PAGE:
Lift up the bottom of the bed, and you have access to both underbed and front exterior storage, which combined make for an enormous amount of space. The only problem here is that, while the bed platform is bisected, the mattress is not, and there are no struts on the platform to make lifting easier. So if you want anything from underneath the bed, you’re going to need a helper to hold it up for you. Splitting the mattress or redesigning the platform with struts or a prop of some kind would make access much easier.
The galley is adequate for cooking simple meals, and the double-bowl sink comes with a cover to provide additional prep space. There is only one overhead cabinet adjacent to the convection microwave ($310), but it is large enough for plates, cups and glasses. Likewise, there is a large cabinet underneath the stove where an oven would normally be located; this area would serve well as a pantry for canned goods and the like. There are also two drawers and another cabinet that is mostly occupied by plumbing. The upside to this is that accessing the sink’s P-trap, water pump and valves is easy.
There are, however, a couple of areas here that could use some improvement. The sink fixture, with its brushed-nickel finish, looks great but feels flimsy. And the stove has no striker, so you’ll want to keep matches or a lighter close at hand. The 6.3-cubic-foot Norcold refrigerator has a matching faux wood front and plenty of room for a small family’s necessities.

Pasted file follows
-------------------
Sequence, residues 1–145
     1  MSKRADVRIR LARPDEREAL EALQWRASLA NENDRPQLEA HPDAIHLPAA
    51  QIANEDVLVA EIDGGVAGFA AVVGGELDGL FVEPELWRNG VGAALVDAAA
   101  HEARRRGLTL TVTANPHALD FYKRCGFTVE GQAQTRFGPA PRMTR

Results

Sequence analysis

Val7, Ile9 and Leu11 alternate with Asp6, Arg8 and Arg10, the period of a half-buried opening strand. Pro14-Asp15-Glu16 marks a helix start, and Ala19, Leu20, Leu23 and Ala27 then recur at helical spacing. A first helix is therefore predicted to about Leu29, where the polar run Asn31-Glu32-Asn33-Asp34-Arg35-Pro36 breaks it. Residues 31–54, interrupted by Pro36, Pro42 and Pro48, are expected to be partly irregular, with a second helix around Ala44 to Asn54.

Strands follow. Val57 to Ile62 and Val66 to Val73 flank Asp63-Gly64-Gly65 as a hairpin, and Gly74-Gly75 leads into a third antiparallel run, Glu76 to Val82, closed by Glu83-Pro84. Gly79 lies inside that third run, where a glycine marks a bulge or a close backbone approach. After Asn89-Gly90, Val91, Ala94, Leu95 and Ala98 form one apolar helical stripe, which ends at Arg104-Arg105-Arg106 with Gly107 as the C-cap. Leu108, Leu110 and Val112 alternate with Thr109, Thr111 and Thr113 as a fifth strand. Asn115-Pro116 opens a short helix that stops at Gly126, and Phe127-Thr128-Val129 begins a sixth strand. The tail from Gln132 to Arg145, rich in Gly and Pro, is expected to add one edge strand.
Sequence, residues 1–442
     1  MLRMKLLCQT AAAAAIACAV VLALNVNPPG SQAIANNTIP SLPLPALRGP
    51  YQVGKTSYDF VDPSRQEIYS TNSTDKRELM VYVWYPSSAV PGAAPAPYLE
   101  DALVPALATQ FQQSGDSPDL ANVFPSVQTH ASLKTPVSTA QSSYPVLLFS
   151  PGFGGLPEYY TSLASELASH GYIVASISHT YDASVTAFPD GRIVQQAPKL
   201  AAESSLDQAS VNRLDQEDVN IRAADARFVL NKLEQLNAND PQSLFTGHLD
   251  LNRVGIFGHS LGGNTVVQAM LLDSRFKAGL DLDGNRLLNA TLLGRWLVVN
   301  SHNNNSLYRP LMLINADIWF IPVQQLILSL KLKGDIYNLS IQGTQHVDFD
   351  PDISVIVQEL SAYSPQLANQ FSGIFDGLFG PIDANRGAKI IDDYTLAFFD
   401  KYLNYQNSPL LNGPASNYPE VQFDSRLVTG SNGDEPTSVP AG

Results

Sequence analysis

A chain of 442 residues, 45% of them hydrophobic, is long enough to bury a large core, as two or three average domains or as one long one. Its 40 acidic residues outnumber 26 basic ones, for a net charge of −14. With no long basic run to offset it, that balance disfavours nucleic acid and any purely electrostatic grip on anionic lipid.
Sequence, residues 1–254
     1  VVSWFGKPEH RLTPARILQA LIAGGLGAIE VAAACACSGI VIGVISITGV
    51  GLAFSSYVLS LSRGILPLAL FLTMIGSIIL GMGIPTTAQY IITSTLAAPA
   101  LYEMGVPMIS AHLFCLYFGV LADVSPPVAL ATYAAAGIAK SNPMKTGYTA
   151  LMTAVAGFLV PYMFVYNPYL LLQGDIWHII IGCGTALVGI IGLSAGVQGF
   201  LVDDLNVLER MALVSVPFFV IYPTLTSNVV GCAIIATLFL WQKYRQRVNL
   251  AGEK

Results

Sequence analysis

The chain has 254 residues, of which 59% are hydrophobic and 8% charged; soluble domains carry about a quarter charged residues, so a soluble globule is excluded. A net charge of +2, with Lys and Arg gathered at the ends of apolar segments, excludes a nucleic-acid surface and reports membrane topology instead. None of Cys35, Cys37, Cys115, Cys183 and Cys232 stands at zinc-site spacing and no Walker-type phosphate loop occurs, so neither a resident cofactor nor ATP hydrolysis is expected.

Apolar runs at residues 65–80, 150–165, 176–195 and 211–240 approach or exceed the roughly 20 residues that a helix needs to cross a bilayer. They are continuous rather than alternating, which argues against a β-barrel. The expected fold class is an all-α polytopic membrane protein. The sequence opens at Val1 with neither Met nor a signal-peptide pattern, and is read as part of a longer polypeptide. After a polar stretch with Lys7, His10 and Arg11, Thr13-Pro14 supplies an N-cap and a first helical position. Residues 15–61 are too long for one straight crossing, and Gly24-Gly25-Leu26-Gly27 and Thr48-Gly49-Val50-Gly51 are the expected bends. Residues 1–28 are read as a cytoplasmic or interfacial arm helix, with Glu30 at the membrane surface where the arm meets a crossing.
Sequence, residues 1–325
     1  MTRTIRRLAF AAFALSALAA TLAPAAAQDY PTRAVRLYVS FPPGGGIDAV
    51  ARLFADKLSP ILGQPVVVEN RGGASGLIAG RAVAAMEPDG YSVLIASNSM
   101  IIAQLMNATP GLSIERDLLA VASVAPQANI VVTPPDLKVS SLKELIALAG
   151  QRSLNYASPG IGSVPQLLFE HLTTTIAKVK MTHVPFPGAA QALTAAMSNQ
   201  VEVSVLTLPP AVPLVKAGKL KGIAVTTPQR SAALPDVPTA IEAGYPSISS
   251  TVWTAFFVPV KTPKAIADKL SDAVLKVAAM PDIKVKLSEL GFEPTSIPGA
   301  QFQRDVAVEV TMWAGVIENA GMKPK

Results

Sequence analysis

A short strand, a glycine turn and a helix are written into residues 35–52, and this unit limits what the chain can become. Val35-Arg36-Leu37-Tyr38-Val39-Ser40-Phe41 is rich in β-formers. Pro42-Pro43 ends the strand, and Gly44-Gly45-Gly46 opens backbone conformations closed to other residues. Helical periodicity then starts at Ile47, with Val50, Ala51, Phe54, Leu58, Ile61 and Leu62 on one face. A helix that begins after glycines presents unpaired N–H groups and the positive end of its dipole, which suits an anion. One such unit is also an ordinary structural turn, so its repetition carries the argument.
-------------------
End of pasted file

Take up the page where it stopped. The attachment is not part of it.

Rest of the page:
Overall, the living space works well. The optional 24-inch flat-screen LED television with a swing-away arm ($450) is within easy viewing from the dinette or bed and has cable and satellite inputs. The radio/DVD player is located on the cabinet right next to it and is easy to use, with switches for the interior and dual exterior speakers. Additional storage can be found underneath each dinette bench, which is a nice touch.
There are some things we’d like to see added or changed. The awning and interior light controls are located underneath the cabinet to the left of the doorway; we’d like to see them on the entry wall where they are easier to see and access. The trailer has day shades only, and there is no cover for the living area skylight, so you’re going to rise with the sun…whether you like it or not.